Both views were recognized as legitimate. For the first time, the Irish Government has accepted, in a binding international agreement, that Northern Ireland should be part of the United Kingdom.  The Irish Constitution has also been amended to implicitly recognise Northern Ireland as part of the sovereign territory of the United Kingdom, provided that a majority of the population of the island`s two jurisdictions accepts a united Ireland. On the other hand, the language of the agreement reflects a change in the legal emphasis placed by the United Kingdom from one for the Union to another for a united Ireland.  The agreement therefore left the question of future sovereignty over Northern Ireland indefinitely.  In 2004, negotiations took place between the two governments, the DUP and Sinn Féin, with a view to an agreement to set up the institutions. These talks failed, but a document released by governments detailing changes to the Belfast Agreement has been known as the “Global Agreement”. However, on 26 September 2005, it was announced that the Commissional Irish Republican Army had completely closed and “decommissioned” its weapons arsenal. Yet many trade unionists, especially the DUP, remained skeptical. Of the loyalist paramilitaries, only the Loyalist Volunteer Force (LVF) had taken weapons out of service.  Further negotiations took place in October 2006 and resulted in the St. Andrews Agreement. In a context of political violence during the unrest, the agreement committed participants to “exclusively democratic and peaceful ways to resolve disputes over political issues.” This had two aspects: the agreement never resolved the source of this fear.
In fact, it expressly avoided this and instead chose to set up a system in which the two positions could coexist peacefully. The agreement did so initially by acknowledging the “persistent and equally legitimate political aspirations” of each party. Then came an intelligent disposition: over the past two decades, the peace process has managed to definitively overcome the violence of unrest. Since the conclusion of the Good Friday Agreement in 1998, it has been necessary to pursue a number of successive political and legal agreements in order to consolidate the peace settlement provided for by the GSP. The multi-party agreement is an agreement between the British Government, the Irish Government and most of the political parties in Northern Ireland. It sets out the support of the signatory parties under the terms of the Agreement between the Republic and Ireland and constitutes the framework for various political institutions. It is divided into three parts: unfortunately, it was not possible to reach an agreement on the implementation of the provisions of the Stormont House agreement dealing with the legacy of the past within the deadline of the fresh-start discussions. The Irish and British Governments have committed to continue work on this issue in order to create an agreed basis for the creation of the new institutional framework for confirmation of the past, as provided for in the Stormont House Agreement. The previous text has only four articles; It is this short text that is the legal agreement, but it incorporates the last agreement into its timetables.  From a technical point of view, this draft agreement can be distinguished as a multi-party agreement, unlike the Belfast Agreement itself.  A copy of the agreement was posted in every house in Northern Ireland and the Republic of Ireland before a referendum for them to vote was opened. The multi-party agreement forced the parties to “use any influence they might have” to secure the dismantling of all paramilitary weapons within two years of referendums to approve the agreement.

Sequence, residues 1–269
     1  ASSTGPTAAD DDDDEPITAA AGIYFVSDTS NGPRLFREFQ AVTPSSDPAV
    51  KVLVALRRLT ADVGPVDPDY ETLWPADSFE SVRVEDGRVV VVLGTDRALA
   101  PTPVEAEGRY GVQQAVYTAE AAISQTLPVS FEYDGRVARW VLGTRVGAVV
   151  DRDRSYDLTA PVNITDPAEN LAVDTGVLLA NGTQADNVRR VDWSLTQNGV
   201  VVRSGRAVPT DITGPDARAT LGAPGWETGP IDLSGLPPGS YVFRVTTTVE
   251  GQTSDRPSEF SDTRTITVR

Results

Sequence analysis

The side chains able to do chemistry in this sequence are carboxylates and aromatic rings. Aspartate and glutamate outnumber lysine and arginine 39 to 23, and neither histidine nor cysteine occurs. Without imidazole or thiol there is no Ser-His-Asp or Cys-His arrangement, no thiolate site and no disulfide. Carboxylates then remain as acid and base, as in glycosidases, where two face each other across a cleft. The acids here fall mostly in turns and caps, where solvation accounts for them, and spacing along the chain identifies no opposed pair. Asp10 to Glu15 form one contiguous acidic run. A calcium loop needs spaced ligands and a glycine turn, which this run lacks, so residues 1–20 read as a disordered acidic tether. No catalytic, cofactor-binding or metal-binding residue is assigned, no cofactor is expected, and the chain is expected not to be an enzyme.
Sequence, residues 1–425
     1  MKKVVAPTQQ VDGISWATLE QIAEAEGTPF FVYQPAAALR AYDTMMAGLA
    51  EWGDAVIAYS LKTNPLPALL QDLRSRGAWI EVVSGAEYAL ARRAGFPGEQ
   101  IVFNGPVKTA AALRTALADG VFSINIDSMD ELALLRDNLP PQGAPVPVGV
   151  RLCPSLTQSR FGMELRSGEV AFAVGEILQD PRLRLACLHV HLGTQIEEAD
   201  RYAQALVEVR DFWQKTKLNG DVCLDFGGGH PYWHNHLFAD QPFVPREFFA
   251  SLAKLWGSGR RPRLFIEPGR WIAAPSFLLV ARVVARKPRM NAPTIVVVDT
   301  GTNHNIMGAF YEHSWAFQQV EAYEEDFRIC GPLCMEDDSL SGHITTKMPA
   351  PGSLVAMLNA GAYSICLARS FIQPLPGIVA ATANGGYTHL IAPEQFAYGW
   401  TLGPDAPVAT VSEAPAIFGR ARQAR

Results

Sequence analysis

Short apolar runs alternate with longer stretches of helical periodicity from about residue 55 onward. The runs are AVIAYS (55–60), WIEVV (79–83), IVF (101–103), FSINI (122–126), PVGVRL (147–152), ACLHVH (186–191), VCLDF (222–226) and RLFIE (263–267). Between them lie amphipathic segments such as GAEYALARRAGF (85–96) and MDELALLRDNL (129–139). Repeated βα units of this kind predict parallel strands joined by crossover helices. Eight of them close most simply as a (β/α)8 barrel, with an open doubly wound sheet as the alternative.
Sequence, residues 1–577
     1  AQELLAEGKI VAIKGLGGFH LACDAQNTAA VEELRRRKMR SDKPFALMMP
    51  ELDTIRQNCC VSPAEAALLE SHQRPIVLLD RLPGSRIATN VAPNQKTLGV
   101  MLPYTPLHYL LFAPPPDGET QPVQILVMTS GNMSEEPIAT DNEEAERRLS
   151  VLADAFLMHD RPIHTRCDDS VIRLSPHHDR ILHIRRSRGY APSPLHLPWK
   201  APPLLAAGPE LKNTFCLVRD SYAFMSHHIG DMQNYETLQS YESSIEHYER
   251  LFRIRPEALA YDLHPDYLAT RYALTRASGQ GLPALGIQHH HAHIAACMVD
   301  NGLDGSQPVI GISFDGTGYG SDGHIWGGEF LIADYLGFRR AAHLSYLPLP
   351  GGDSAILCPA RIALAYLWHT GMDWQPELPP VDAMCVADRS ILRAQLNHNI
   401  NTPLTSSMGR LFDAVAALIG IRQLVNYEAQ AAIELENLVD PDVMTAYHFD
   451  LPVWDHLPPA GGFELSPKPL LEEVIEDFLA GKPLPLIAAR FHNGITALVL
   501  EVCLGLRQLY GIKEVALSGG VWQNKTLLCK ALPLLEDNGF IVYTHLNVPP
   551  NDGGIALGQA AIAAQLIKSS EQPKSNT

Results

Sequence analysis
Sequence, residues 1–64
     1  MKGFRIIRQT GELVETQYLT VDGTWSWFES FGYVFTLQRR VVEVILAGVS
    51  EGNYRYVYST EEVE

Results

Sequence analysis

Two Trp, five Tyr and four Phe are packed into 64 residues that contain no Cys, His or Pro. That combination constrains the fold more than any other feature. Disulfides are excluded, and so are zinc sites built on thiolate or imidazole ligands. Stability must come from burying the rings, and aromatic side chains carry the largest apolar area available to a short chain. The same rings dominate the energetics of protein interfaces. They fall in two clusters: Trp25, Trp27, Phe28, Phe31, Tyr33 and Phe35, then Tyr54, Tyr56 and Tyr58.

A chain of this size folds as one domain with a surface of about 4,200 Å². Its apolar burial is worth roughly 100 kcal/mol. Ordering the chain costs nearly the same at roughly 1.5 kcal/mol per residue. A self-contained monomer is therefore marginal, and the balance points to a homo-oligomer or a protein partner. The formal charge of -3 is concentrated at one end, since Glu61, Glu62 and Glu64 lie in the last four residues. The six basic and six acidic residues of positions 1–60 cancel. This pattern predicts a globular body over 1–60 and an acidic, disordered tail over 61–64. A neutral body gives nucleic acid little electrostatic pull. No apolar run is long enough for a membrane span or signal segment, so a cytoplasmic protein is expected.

The normalisation process has forced the British government to reduce the number and role of its armed forces in Northern Ireland “to a level compatible with a normal peaceful society”. . . .